(Recap and analysis of the week in state government)



THE CAPITAL, TALLAHASSEE, Nov. 12, 2010……….After faring about as well in this year’s elections as the 1-7 Dallas Cowboys have in the NFL so far this season, Florida Democrats are considering turning to a familiar player to turn things around.

Fresh off an unsuccessful run as Alex Sink’s lieutenant governor, former state Sen. Rod Smith emerged this week as the frontrunner to replace Florida Democratic Party Chairwoman Karen Thurman, who waited until the week’s end to announce she was going the way of fired Cowboys coach Wade Phillips.

Thurman remained silent as talks about her replacement mounted this week. And when she finally confirmed she was stepping aside, she said it was because she wanted to spend more time with her family.

“After many months of reflection and discussion with my family, our staff, and many of you, I have decided to retire as Chair of the Florida Democratic Party,” she wrote in a letter to demoralized Florida Democrats.

Thurman made no mention that the party she was leaving had just lost a fourth straight governor’s race, as well as all three statewide Cabinet contests. Nor did she mention the Republican’s new supermajorities in both chambers of the Legislature. As the jockeying to replace her kicked into high gear this week, others were more than willing to bring up those issues and did so, a lot.

U.S. Sen. Bill Nelson, the lone Democrat still standing as a statewide elected official, quickly made his choice known: Miami-Dade Democratic Chair Richard Lydecker. The name of outgoing House Democratic Leader Franklin Sands, who remains in the Legislature, was floated too – by Sands’ himself.

Hillsborough state committeeman Alan Clendenin, who released a prescription for healing what ails the party in a plan he put on the Web, was touted too, as was Pasco County Democratic Chair Alison Morano, state party vice-chairman Rhett Bullard and former state Rep. Loranne Ausley. The former Tallahassee representative was last seen bicycling to defeat in the race to replace Democratic Chief Financial Officer Alex Sink.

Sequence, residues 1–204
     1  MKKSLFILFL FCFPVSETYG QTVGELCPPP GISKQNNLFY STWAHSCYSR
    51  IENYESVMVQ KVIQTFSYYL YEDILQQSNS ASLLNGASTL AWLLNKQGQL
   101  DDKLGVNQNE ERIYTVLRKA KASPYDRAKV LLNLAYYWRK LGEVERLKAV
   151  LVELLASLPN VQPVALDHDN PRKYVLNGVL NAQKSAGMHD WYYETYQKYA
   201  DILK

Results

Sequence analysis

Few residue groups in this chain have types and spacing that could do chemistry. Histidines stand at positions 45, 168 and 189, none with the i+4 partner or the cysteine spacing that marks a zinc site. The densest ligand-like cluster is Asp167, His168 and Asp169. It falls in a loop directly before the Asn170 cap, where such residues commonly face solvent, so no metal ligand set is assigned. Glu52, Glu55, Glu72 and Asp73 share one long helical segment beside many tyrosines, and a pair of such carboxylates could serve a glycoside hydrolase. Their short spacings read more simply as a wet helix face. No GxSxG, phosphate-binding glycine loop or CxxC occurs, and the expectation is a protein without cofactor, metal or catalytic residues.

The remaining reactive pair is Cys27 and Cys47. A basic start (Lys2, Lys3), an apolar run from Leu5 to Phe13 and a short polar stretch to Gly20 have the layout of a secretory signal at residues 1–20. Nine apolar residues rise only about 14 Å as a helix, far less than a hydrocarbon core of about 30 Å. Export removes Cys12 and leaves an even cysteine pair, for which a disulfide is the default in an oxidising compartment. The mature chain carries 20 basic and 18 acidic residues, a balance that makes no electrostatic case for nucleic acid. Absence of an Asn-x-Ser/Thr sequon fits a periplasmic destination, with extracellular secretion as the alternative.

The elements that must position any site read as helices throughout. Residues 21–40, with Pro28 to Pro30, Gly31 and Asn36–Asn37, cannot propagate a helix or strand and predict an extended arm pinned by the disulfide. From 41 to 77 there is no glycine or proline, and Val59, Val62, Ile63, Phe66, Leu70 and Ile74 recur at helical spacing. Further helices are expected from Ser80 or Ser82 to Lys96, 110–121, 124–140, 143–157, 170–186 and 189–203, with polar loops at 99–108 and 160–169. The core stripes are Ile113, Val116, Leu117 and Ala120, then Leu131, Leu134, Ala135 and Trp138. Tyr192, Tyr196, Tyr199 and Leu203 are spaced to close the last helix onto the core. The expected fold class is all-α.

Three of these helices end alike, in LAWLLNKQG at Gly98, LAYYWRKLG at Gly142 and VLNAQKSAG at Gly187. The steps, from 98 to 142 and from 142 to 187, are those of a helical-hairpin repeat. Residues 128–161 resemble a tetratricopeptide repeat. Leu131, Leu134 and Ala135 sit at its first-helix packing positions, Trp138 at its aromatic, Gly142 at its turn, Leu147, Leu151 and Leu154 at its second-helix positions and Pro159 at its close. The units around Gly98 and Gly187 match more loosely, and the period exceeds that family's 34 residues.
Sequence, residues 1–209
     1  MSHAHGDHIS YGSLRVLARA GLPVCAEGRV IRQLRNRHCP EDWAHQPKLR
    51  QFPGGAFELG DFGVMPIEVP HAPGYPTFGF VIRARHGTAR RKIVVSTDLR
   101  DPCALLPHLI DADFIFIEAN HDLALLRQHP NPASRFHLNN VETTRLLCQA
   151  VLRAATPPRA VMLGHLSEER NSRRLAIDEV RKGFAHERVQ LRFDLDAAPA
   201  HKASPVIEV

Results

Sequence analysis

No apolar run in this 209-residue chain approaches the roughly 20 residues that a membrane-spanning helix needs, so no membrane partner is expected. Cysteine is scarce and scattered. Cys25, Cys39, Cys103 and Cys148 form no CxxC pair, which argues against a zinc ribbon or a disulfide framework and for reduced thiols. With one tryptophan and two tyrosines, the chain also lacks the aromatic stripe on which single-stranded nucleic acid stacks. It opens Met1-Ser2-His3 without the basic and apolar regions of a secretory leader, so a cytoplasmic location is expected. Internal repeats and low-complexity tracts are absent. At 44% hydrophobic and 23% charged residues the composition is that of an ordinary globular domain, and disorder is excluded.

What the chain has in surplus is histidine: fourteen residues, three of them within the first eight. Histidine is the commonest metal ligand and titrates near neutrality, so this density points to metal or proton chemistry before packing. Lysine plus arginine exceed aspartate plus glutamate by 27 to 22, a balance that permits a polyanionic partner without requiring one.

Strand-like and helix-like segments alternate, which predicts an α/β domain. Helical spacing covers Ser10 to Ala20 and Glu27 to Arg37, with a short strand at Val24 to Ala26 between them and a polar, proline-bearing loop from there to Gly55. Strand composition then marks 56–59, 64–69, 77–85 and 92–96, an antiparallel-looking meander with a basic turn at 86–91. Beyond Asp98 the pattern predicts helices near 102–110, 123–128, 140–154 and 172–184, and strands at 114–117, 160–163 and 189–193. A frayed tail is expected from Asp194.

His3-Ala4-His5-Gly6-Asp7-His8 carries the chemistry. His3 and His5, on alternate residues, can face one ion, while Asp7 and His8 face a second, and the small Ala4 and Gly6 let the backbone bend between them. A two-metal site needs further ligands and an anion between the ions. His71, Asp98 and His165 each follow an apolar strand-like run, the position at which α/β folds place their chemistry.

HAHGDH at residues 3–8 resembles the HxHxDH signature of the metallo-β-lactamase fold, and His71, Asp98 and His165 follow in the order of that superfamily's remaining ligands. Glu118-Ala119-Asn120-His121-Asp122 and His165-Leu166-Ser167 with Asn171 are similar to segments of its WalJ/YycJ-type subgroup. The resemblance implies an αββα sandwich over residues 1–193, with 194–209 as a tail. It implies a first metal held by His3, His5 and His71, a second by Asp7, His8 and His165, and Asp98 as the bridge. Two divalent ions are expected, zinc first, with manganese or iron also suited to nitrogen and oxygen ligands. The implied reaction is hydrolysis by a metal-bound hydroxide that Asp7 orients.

But by week’s end it looked like Democrats were preparing to turn the playbook over to former state Sen. Rod Smith, who is fresh off a turn as Sink’s running mate in the party’s latest unsuccessful attempt to wrest control of state government from the elephants in charge. It doesn’t take an elephants’ memory to remember that Smith was touted as helping Sink reach out to rural Panhandle voters, the same group he tapped during his own unsuccessful bid for the party’s 2006 gubernatorial nomination.

Smith did not immediately take the hand-off this week. But it was pretty clear he was waiting with open arms for the ball to come his way.

“The challenges are daunting,” Smith said. “But the pendulum always swings back.”

For now though, the pendulum remains with the ruling Republicans, who made it clear again this week they intend to use it when they return Nov. 16 to organize themselves and hold a special session to override vetoes on up to nine bills. They’re swinging as much at outgoing Gov. Charlie Crist, who left the party to run for U.S. Senate as an independent, as they are at the demoralized Dems.


An unlikely victim of the veto-fest is Gov.-elect Rick Scott, who came to Tallahassee this week to meet with lawmakers’ intended target: Crist.

Lawmakers are looking to revive a measure (HB 5611) that would take oversight of the state’s oft-maligned Department of Management Services away from the new chief executive. Legislative leaders want to place DMS under the control of the governor and the state’s three Cabinet members, instead of just Scott himself, as it would be now under current law.